This would represent our desired response to Allah, a recognition of our desire to attain His acceptance. The Sirat (translated here as “path,” but the Arabic term is not used for “path”…perhaps “trajectory” would be closer, though one doesn’t use “trajectory” in English exactly the way Sirat is used in Arabic) represents our connection to Allah, our way to Him, our efforts in this life to reach the good side in the hereafter, the side of “winning” Allah’s mercy.

The final and seventh aya (considering the Bismallah as the first aya) describes the three types of paths, the first of the pair being “the path of those with whom is Allah’s acceptance/ blessing.” The second of the pair refers to two paths leading to disconnect from Allah’s mercy and acceptance, this part beginning with the word “not:” “Not (the path) of those with whom is Your wrath, nor the misguided.” Some erroneously claim that the last two refer to the Jews (who incurred His wrath) and the Christians (who are misguided), but the Qur’an is clear and unequivocal and we should not read into it meanings that limit its scope to our personal prejudices or opinions. The Qur’an clearly states that we will be judged by our own individual actions, not by what group (of any description) we belong to.

The final “pair” of Al-Fatiha is 1) the straight path leading to Allah’s mercy and acceptance, and 2) the paths leading to His wrath (wrath of the Almighty) or away from His mercy (the loss of all that mercy entails). The two wrong ways represent rejection by Al-Rahman, the Almighty. If the Almighty rejects someone, to whom can they turn for mercy? These are the two greatest attributes, but they are Allah’s attributes and he is One. If one attains His mercy, s/he also attained acceptance by the Almighty. If one incurs the Almighty’s wrath, the All-Merciful will not show mercy to that one. The difference between the two “lost” paths is that wrath may preclude mercy or at least will incur punishment which may make “coming back” more difficult, whereas the “misguided”, if they change paths and seek Allah’s guidance, may possibly attain guidance.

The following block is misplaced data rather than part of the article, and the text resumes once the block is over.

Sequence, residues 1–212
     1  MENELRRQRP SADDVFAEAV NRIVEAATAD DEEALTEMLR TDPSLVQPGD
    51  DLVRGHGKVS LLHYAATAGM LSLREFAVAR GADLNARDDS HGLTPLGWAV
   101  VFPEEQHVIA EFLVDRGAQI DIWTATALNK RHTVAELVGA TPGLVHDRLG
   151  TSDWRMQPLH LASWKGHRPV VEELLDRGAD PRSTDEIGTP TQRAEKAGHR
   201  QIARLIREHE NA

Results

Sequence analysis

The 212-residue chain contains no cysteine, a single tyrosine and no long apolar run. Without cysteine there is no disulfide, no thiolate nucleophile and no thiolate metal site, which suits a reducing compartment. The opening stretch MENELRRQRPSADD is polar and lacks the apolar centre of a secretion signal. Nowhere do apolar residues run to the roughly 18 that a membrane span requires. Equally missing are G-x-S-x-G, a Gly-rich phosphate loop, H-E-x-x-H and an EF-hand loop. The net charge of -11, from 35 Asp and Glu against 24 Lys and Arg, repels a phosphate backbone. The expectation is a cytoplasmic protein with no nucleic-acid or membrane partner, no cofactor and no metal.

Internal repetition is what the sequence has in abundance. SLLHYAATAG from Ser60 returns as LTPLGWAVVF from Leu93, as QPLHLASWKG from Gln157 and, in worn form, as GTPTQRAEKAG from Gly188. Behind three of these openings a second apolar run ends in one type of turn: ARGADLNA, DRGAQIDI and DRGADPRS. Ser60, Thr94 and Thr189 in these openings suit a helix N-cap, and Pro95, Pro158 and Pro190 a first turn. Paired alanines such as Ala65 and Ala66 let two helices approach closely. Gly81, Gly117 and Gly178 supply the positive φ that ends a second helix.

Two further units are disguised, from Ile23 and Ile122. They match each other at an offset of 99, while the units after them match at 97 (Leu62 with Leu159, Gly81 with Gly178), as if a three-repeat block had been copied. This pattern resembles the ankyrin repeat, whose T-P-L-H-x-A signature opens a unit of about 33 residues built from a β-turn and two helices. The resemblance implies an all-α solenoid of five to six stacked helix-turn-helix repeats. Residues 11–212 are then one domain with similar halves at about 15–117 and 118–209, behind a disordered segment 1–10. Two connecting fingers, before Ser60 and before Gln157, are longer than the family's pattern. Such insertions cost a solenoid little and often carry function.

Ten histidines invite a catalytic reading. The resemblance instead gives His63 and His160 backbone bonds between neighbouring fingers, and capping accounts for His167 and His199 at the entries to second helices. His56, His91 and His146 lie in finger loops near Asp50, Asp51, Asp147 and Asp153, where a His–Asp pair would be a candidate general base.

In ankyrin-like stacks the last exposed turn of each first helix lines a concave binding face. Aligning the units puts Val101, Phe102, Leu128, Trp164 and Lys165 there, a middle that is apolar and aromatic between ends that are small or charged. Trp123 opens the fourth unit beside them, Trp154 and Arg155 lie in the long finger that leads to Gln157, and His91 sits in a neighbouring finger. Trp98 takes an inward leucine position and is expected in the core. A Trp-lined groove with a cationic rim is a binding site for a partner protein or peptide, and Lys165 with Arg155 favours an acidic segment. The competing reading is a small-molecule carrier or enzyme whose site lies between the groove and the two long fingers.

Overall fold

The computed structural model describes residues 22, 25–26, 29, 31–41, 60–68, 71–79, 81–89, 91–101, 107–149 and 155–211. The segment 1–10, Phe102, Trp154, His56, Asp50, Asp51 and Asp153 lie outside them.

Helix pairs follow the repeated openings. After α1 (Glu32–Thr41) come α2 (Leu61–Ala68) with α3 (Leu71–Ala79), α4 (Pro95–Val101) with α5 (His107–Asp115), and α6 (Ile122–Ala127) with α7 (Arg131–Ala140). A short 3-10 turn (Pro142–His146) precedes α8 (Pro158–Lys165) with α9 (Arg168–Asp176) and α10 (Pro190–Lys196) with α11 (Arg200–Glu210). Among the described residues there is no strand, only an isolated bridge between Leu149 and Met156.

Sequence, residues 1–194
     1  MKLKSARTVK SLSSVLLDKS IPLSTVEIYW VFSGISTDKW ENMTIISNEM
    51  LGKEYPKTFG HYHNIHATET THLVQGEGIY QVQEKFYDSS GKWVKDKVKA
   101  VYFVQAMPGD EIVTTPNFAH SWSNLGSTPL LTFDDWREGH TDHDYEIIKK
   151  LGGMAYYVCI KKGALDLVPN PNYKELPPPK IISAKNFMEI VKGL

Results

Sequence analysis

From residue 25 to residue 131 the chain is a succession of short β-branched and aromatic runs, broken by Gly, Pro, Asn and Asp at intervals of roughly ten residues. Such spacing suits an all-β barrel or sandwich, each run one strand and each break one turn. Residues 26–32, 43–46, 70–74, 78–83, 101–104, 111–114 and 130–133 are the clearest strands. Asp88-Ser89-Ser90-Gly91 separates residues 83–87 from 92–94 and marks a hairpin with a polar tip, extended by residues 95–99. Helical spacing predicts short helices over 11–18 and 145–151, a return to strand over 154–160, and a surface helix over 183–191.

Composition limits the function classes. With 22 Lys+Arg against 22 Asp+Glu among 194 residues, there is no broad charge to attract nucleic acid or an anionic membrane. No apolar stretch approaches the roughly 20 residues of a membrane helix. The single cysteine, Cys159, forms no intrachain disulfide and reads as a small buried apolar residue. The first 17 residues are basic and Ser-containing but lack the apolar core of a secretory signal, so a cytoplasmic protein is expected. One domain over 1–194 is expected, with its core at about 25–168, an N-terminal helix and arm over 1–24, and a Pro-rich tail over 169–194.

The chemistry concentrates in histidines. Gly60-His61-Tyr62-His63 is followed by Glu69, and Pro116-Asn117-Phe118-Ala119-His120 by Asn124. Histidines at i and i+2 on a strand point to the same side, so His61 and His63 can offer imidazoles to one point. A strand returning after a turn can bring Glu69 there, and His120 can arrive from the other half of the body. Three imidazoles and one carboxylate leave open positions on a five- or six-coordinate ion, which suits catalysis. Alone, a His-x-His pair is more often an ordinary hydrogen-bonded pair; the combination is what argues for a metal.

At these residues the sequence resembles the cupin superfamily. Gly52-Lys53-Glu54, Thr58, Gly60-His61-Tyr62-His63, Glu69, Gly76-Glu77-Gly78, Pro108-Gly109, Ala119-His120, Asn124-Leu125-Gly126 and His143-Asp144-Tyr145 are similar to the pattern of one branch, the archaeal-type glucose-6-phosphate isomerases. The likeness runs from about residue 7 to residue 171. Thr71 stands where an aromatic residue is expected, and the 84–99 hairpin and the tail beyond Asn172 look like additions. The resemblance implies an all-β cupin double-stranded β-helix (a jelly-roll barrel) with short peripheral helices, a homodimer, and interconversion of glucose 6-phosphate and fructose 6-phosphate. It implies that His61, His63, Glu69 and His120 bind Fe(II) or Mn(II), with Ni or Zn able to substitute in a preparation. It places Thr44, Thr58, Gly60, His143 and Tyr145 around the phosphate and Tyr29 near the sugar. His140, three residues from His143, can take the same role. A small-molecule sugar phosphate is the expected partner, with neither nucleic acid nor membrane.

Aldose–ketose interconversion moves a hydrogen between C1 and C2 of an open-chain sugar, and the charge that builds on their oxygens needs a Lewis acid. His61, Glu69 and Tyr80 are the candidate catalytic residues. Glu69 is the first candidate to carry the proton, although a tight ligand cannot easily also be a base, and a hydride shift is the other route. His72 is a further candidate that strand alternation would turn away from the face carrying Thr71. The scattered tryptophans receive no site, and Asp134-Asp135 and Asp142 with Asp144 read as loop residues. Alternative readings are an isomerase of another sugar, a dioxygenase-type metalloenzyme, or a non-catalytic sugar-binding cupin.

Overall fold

Please refer to the charts above which show these seven ayat in the positions of the bones in sujud or prostration. Here we find yet another dichotomy. On the right side (I used the Arabic language’s right-left direction as a guide here), the ayat are overall arguably in the “yang” category, emphasizing the all-powerfulness of the Creative principle, the Creator, Allah. Praise for The Lord of All (aya 2), Sovereignty over Judgment Day (aya 4), and our initiation of a prayer for Guidance (aya 6), the only thing we ask for. The left side overall shows the “yin” (responsiveness) side: the two names of Allah which represent His nature (aya 3), our admission that we have only Allah to turn to for help. and the description of three possible directions to take.